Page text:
“Yeah, he’s cutting it a bit fine.”

“I think you’re going to have a long wait. He’s not coming.”

“Have you heard this, Kev? Ingham’s bottled it,” I said.

“He wouldn’t bottle it. We’ll wait.” Kev gave Sam an unconcerned glance and carried on chatting to someone else.

“Your choice Pete, I’m only telling you what I know.”

“Yeah cheers, Sam. I’ll think we’ll hang on a little longer though.”

We waited another ten minutes and still nobody showed.

“What do you think, Kev?” asked Nick.

“I don’t know. I can’t believe he would walk into our yard and take out Tomma but won’t come down here to fight me. He’s up to something. Where could he surprise us on the way back to school?”

“The only place they could hide in any numbers is the industrial estate. Do you think they’re waiting there?”

“Could be. Take a couple of others and go on a recce. We’ll wait here for you”

“I’ll go.”

This was a chance to prove myself. I was fairly good at making myself invisible and I knew the area like the back of my hand so I was sure I was the best man for the job.

“No you’re ok, Pete. They can manage. You stay here.”

Nick and a couple others headed off towards the Industrial Estate. Everyone was a bit edgy now. We thought that they weren’t coming but weren’t sure. We were confident on our own turf but the walk back could be dangerous. We needed to know what was happening?

We didn’t have to wait for Nick to get our answer.


A woman in her forties, trying to look twenty, approached Bumper. Slightly overweight, she had her dyed blonde hair tied back in a ponytail and wore an expensive looking, white Nike tracksuit. Her face was brown, part sun-bed tan and part make up. It did little to hide her wrinkles.

“I’ll have half a dozen bananas please.”

“We haven’t got any.”

He didn’t look at her as he slammed the sides up on the stall.

“You’ve got no bananas?” The woman grabbed Bumper’s arm.


Bumper ran to the van and threw the shocked woman a bag of prunes.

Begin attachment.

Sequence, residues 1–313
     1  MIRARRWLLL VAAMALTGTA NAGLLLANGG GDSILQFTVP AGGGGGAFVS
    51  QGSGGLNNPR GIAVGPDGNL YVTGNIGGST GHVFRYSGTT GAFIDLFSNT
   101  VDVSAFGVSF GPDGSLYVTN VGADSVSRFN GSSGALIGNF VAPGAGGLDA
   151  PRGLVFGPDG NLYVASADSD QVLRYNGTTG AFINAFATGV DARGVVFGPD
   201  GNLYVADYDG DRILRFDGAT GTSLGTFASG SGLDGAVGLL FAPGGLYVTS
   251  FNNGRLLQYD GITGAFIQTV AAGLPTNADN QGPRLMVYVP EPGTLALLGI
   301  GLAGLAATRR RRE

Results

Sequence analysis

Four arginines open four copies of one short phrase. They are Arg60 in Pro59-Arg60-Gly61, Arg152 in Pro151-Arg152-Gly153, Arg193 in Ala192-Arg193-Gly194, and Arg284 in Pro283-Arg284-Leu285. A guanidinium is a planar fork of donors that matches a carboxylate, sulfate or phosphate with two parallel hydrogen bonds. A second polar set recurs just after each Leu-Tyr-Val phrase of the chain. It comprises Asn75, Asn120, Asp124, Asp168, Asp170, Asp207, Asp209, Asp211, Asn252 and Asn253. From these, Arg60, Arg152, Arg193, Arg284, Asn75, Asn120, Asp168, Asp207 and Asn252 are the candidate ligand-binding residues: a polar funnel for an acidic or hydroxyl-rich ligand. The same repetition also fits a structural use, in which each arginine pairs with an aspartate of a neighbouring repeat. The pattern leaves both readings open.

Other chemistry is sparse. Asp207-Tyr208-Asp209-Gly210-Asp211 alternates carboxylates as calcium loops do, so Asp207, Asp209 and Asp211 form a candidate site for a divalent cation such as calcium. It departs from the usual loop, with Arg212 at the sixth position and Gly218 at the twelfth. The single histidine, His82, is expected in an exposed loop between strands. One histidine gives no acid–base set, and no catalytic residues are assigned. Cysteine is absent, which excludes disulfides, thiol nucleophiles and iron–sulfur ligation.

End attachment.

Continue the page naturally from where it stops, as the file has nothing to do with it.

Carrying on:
“Here, have these. They’ll match your face.”

He jumped into the van and set off in chase of Kev, his wheels spinning and leaving black rubber scorched onto the concrete.

Gilbert and I headed back to the office.

“How are we doing?” I asked. “Have you got what we wanted?”

“It wasn’t as easy as I thought. He’s got pretty tight security on here,” Elvis replied.

“Not too tight for our Elvis though?”

“Here,” Elvis threw me a box of floppy disks, “all of his protection rackets, drug deals and other shady business practices. Everything you or our friendly local Bobbies would like to know about Mr Kevin Davison. He must have thought he had the most secure passwords as none of the information is encrypted; it has names, dates, the lot. Not all of the local police force would be too happy though. Some of their names seem to pop up quite a lot.”

“Well, I don’t want to worry you but there is one thing you might not have discovered about our Mr Davison yet.” I studied the box of disks.

“What’s that?”

“It’s that he has left the gym and he’s on his way home.”

“I’m not finished yet,” said Elvis.

“I thought we had everything we needed to get him banged up.”

“We have but we don’t want his stay inside to be pleasant, do we?”

“How do you mean?” I was confused.

“Nobody inside likes a nonce, do they? What do you think will happen when the police raid the house and find files from Mr Burn’s favourite website on Kev’s hard drive? They’re not going to keep it quiet are they?”

“You mean…?”

“Downloading it now.”

“How long?”

“Five, ten minutes at the most,” Elvis replied.

“He’ll be back in less than five.”

I looked nervously towards the door.

“Too late to back out now. He’ll definitely know we’ve been here. You’ll have to delay him.”


“Bumper. He’s watching him isn’t he?”


Another installment to follow same time next week.

If this has whetted your appetitie and you would like to buy the book for a bargain £1.99 on Kindle please click here.